Strathmore 500 100% Cotton, 140 lb, Cold-Pressed: This has a very “slick” feel to it under the fingers – more like cellulose paper (rather than the more fabric, soft-like texture of Arches or Etchr cotton paper). It also warped A LOT when I put a water wash on the entire background, causing many puddles, but I was able to blend those out later and the colors I used didn’t create mud when mixed together, so that helped. This paper is more suited for dryer applications of paint, such as the fur on the owls. Although my background and log turned out just fine in the end, I wouldn’t recommend this paper for wet-in-wet techniques. The water tends to stay on the top of the paper for a long time instead of soaking in, making for a tricky application of paint or a lot of waiting time to get the paper’s wetness just right. This paper would benefit from being stretched first, which I am too lazy to do so far.
Etchr 100% Cotton, 105-ish lb Cold-Pressed: Always such a delight to work on – my absolute favorite sketchbooks to paint in, even with the paper being thinner than 140 lbs. Easier to work wet-on-wet with this paper because an application of NOT-soaking-wet-paint on dry paper will dry the paint very quickly – almost instantly – especially here in Colorado. But easy to blend out, colors look vibrant and beautiful, and I highly recommend it, just as much as Arches or Fabriano.
Handbook Watercolor Journal, 200 gsm, Cold-Pressed: Ugh. While this works perfectly well as a watercolor journal, it was definitely reminiscent of the Moleskine sketchbook I use for my dot card paintings. The paint sits on top of the paper, so multiple layers end up looking streaky instead of blended or glazed. This is probably better suited for people who work in very dry layers with their watercolors, like detail painters or someone who uses fine liners with just watercolor accents. But I have done washes, and it takes them just fine, but it’s wavy and uneven, so you just have to live with that.
Moleskine Watercolor Notebook, 140 lb, Cold-Pressed: Typical cellulose watercolor sketchbook. Dryer uses of color work better, and multiple layers tend to get streaky, so glazing is not recommended. It’s fun to work on for small, simple sketches, and would work well in a more fine-liner type of style with small watercolor accents. I use this for my dot card watercolor sketches, and it’s fun for that, but not nearly as nice as the Etchr sketchbooks – I’m just trying to use it up. I would not purchase this again.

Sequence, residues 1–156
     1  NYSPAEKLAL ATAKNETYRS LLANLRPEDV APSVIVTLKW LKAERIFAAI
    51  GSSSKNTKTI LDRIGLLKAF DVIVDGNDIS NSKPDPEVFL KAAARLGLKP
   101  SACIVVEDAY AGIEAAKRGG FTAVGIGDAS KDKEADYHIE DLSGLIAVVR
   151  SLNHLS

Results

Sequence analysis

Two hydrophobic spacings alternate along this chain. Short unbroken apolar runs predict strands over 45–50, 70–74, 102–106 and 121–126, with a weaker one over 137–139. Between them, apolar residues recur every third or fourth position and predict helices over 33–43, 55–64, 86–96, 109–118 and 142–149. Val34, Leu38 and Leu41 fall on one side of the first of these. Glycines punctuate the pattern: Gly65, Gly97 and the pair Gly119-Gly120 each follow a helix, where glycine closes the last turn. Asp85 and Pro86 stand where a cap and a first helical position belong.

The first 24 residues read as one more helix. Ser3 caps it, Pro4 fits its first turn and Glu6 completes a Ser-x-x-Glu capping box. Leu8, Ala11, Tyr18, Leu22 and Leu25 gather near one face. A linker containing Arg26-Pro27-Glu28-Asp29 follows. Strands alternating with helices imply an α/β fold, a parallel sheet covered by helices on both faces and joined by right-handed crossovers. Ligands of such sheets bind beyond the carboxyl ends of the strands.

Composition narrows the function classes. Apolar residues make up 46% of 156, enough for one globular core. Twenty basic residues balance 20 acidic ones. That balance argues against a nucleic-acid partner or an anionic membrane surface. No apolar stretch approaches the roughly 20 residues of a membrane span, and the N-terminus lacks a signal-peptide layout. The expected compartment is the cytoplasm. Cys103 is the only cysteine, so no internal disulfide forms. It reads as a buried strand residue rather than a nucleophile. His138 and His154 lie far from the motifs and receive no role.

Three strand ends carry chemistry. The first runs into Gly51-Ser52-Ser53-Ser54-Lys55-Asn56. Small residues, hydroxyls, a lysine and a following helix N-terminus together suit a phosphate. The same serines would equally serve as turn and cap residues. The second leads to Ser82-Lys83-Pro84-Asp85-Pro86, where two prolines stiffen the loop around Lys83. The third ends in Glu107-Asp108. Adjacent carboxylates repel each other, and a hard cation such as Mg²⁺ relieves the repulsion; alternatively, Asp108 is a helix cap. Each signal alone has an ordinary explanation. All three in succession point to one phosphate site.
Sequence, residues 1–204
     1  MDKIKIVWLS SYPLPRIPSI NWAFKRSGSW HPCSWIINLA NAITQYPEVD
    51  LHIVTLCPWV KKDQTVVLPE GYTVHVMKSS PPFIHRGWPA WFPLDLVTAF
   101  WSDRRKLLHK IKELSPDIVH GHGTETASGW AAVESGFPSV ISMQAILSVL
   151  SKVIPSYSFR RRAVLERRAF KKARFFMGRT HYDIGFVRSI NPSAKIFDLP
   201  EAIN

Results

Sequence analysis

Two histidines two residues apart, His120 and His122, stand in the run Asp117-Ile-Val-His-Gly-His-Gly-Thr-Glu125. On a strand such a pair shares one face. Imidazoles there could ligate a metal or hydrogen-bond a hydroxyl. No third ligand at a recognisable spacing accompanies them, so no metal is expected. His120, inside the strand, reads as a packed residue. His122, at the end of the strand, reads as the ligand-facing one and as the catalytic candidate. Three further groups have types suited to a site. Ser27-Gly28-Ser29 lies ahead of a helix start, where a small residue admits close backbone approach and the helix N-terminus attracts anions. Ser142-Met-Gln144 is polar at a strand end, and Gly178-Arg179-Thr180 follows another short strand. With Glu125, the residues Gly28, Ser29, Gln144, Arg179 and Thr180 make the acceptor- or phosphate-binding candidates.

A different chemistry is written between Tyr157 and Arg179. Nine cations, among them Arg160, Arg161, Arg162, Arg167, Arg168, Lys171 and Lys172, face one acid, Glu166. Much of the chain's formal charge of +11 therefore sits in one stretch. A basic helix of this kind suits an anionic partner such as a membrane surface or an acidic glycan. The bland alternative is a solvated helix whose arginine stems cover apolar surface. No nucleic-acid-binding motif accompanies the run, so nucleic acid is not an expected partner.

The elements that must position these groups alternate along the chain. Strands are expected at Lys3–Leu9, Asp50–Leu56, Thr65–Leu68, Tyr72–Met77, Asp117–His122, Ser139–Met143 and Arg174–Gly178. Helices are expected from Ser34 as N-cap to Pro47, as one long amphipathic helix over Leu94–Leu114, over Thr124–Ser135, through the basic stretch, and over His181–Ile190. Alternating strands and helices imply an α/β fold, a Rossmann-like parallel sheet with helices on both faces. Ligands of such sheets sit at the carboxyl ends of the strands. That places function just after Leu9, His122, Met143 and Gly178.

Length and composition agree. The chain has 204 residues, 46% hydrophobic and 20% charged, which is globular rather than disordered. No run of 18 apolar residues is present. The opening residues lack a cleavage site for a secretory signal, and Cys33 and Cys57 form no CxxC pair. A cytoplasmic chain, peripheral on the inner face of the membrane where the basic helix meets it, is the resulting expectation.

Bienfang Watercolor Paper, 140 lb, Cold-Pressed: This paper felt only slightly nicer than the Canson XL paper, but very reminiscent of it at the same time. The paint did soak into this paper slightly better than the Canson XL, so less of the paint was on the surface, which made the finished product look nicer. This paper would be fine for dryer applications of paint and not big washy sections as it dried unevenly and quite quickly, so it’s hard to do washes without getting a lot of hard edges.
Fluid Watercolor Paper, 140 lb, Cold-Pressed:. Even though this is NOT cotton paper, it reminded me almost exactly of the Strathmore 500 paper, except that this paper allowed me to “erase” certain parts more easily than the Strathmore (where I got the green background into the antlers, for example). I remember this “erasing” feature from when I used this paper last year for WWC month (the painting of the two girls in lifejackets at Lake Powell jumping into the water). I actually really like this paper. A few of the warp puddles took FOREVER to dry, however, so keep a hair dryer nearby (I still don’t have one, darn it). This is the best cellulose paper I have tried so far. Your paint will still be shiny in heavier coats, however, so be aware of that.
Legion Stonehenge Heavy, 300 lb, Cold-Pressed: Just like the Canson Moulin du Roy 300 lb. paper this was a joy to work on. It doesn’t warp, it’s very forgiving, and the paint just stays vibrant-looking and beautiful when it dries. This does have less of a fabric/cottony feel to it than the Moulin du Roy paper, and I think the paint soaked into it slightly less, which I enjoyed just as much. Heavy paper like this just makes painting more fun. I can’t say yet whether or not I would prefer this or the Moulin du Roy paper – I would have to do several more paintings on each surface to know for sure – but if you choose this paper, you should have an enjoyable painting experience.